This Week in Car Buying: Transaction prices, incentives on the rise; No haggle Lexus pricing faces headwinds; Reservations about Tesla reservations; Ally leases used vehicles
Along with strong March sales, automakers also saw average transaction prices continue to climb, however, that number is being undercut slightly by rising incentive costs. The average cost of new car was $33,666 during the month, a 2-percent bump over a year earlier, but flat from the previous month.
“March average transaction prices reveal continued increases for nearly every manufacturer, with the industry average up 2-percent year-over-year,” said Kelley Blue Book analyst Tim Fleming. “While this may seem like good news for automakers and dealers, incentive spending continues to rise within the industry and offset part of this strength. Also, to afford growing monthly payments, more consumers are financing these vehicles for 72 and 84 months, which will likely delay the purchase cycle for their next vehicle.” Most of the growth in transaction prices ranged from 1.4 percent for Hyundai-Kia up to 3.3 percent for Fiat Chrysler Automobiles. The only major maker to see transaction prices fall was the Volkswagen Group, which logged a 4.6-percent drop.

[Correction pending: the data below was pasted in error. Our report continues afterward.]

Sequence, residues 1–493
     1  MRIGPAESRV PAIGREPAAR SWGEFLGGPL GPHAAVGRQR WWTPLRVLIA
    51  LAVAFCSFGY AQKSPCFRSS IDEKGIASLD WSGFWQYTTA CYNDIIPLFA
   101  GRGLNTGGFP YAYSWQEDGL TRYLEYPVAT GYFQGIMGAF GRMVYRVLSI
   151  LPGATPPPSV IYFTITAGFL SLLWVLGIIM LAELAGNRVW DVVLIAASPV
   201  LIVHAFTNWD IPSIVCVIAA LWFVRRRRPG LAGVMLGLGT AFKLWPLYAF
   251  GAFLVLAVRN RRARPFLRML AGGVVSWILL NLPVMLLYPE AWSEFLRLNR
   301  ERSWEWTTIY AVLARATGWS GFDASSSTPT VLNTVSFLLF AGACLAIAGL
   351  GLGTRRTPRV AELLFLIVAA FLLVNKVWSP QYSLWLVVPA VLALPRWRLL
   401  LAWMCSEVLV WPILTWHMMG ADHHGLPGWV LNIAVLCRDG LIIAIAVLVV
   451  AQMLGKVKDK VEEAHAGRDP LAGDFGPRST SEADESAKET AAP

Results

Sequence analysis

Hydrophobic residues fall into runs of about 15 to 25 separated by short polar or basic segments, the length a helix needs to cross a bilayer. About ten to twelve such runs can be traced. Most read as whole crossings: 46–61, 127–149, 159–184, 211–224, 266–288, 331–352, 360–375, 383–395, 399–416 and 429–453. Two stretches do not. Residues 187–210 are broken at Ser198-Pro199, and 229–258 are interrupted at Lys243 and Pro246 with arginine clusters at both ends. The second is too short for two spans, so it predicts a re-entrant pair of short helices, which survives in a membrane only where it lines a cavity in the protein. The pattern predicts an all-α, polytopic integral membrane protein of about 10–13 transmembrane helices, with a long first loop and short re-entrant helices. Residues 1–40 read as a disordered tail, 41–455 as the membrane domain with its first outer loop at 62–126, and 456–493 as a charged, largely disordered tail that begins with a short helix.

“The Volkswagen brand fell the most, down 7 percent, as each model in the line was down from last year,” according to Fleming. “The Jetta and Passat, two models affected by the brand’s diesel crisis, both were down 9 percent.”
On the upside, FCA saw gains in transaction prices at Dodge and Ram, while Toyota was up 4.7 percent as a brand with the revamped Tacoma leading the way on an 11-percent gain in average transaction prices. Lexus was up 2.7 percent led by the redesigned RX, which saw its prices climb 6 percent to an average of $50,713.
Lexus dealers push back on no haggle pricing
Perhaps encouraged by rising transaction prices for its RX crossover SUV, Lexus dealers are pushing back a bit at the division’s plan to introduce no-haggle pricing, according to Bloomberg. The program, which is slated to be tested at 11 dealerships who volunteered, is expected to be rolled out within a month. However, the news agency also reported that dealers who attended the recent National Automobile Dealer Association convention expressed reluctance to go along with adopting the philosophy.
“Many of our dealers, philosophically, are opposed,” Jeff Bracken, group vice president and general manager, said during the convention. “They’re saying, ‘You’re wholesale. We’re retail. Stay out of our business.” However, that no-haggle pricing could end up playing a role in parts of the division’s network of 236 dealers. The program is one element of Lexus Plus, a wider effort to boost customer relations by having just one point of contact for sales and service and using new technologies like tablets to shorten the time it takes to complete a transaction and to increase deal transparency.